A federal Judge from the Western District of Washington, based in Seattle, temporary block on the publication of a series of 3D printed firearms plans by DEFCAD.com. The plans had been due to go online on 1st August, after the way was cleared for publication by a Justice Department ruling in June.
The recent Justice Department ruling, announced last month, ended a long running legal battle between Defense Distributed / DEFCAD’s founder, along with the Second Amendment Foundation against the State Department. An agreement was reached after two years of wrangling and a settlement with the government paying back a substantial portion of the plantiff’s legal fees.
However, the news met with immediate backlash with concerns about so called ‘ghost guns’ being raised. This culminated with eight states including Washington, Massachusetts, Connecticut, New Jersey, Pennsylvania, Oregon, Maryland, New York and the District of Columbia suing the government on Monday to block the settlement and the publication of plans.
in a separate effort the state attorney generals of 20 states, including: California, Colorado, Connecticut, Delaware, Hawaii, Illinois, Iowa, Maine, Maryland, Massachusetts, Minnesota, New Jersey, New Mexico, New York, Oregon, Pennsylvania, Rhode Island, Vermont, Virginia and Washington state wrote a joint letter to the State Department and the Department of Justice asking them to immediately block the 3D-printed gun plans from being published.
In response DEFCAD complied with the Courts’ temporary block, with the site’s founder Cody Wilson tweeting that the site would again be ‘going dark’.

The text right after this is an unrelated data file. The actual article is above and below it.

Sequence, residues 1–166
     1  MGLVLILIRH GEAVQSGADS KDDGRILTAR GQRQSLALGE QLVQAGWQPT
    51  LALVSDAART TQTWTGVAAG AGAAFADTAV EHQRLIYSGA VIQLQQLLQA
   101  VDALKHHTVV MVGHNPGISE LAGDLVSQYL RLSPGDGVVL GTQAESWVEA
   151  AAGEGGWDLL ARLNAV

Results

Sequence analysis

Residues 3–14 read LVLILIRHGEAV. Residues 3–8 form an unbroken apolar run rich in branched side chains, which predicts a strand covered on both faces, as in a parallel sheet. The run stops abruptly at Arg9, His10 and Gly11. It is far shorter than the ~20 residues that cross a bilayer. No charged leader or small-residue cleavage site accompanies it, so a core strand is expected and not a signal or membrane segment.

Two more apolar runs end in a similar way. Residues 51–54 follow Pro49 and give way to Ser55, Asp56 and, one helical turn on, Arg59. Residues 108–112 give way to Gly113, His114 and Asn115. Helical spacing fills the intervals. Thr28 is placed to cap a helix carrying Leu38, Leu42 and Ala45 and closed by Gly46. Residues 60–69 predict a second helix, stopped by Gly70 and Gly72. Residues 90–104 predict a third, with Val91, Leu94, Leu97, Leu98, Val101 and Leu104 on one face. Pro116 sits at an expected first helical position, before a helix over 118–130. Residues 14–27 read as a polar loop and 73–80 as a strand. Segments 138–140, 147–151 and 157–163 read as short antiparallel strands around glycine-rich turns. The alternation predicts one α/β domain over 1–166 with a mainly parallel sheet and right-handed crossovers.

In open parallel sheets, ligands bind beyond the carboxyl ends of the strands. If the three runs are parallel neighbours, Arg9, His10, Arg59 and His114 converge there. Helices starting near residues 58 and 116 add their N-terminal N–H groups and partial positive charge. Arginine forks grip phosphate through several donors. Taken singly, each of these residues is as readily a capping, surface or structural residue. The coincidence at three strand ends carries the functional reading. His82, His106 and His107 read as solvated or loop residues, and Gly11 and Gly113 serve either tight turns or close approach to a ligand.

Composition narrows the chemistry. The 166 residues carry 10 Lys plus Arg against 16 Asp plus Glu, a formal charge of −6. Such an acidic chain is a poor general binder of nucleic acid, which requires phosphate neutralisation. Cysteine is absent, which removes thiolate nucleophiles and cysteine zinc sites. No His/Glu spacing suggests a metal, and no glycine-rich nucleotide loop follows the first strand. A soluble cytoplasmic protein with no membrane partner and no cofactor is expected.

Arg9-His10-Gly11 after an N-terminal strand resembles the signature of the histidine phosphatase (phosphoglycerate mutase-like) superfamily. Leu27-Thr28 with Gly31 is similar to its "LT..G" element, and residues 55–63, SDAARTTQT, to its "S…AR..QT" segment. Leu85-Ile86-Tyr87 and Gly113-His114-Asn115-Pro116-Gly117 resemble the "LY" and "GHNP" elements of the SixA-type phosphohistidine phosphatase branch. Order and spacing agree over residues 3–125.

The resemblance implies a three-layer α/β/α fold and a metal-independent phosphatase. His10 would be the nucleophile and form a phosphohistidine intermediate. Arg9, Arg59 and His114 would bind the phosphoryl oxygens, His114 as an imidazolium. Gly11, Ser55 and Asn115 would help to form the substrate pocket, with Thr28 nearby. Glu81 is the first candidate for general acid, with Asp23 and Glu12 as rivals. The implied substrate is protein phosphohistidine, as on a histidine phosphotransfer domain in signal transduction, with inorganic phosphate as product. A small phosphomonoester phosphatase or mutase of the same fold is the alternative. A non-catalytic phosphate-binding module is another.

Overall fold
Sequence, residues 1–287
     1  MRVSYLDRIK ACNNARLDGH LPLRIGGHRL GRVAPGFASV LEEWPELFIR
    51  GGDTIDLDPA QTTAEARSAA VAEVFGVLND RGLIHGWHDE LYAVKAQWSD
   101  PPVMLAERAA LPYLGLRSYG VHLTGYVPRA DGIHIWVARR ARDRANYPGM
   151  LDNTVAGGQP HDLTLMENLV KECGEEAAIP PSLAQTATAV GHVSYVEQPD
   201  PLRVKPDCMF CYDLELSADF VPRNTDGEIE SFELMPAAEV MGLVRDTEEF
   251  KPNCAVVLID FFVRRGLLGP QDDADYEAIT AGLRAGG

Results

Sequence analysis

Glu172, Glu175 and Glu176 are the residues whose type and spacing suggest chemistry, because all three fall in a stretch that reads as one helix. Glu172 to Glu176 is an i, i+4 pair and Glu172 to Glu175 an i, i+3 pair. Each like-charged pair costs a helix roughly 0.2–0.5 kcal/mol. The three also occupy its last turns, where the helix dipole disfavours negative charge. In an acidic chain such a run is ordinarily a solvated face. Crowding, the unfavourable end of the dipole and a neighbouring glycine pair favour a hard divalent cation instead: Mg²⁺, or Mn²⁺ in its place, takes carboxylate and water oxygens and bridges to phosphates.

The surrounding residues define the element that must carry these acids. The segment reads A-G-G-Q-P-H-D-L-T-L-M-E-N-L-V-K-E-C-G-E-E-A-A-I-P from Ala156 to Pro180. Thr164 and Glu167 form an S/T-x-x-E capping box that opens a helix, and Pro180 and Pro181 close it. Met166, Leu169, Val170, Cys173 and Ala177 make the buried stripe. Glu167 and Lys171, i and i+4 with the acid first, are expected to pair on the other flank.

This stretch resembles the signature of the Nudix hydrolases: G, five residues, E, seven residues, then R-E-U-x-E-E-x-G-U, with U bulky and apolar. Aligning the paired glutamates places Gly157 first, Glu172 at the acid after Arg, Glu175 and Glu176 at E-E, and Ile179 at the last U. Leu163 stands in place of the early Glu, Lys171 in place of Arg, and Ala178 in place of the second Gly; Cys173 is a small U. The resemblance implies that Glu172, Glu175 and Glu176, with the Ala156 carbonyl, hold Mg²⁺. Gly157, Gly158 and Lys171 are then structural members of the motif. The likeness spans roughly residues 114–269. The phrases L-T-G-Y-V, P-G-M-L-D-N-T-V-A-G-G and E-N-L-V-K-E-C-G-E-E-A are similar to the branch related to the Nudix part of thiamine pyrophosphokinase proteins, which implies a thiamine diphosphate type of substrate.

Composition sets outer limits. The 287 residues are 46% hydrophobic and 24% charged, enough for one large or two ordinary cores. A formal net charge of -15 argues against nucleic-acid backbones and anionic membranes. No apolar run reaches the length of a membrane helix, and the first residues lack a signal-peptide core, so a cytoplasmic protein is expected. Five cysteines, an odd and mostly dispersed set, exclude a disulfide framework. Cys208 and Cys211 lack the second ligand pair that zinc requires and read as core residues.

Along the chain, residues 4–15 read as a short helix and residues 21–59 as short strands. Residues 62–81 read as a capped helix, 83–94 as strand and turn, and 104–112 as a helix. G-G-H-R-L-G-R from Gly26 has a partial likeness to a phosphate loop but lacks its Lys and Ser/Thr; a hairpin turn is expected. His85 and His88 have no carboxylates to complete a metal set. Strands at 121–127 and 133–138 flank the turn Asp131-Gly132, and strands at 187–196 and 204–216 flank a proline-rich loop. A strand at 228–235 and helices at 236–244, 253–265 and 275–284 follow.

By order of a federal judge in the Western District of Washington, https://t.co/ZEOYuTOs4a is going dark.
— Cody R. Wilson (@Radomysisky) August 1, 2018
Washington State’s Attorney General Bob Ferguson, who launched the suit, said:
These downloadable guns are unregistered and very difficult to detect, even with metal detectors, and will be available to anyone regardless of age, mental health or criminal history.
Wilson responded in Ann interview with CBS saying:
If I allow you to download and AR-15, I don’t believe that I provide you with anything other than the general knowledge of what an AR-15 is. I am no different from a publisher of information.
While the agreement had been to begin publishing the 3D plans on the 1st August, Defense Distributed actually began uploading the plans to their website on 27th July. Nine designs had been uploaded before DEFCAD went dark. The site’s own download counters reportedly showed that the plans had been downloaded over 20,000 times. Another hearing has been scheduled for the 10th August, by the Seattle Federal judge Robert Lasnik.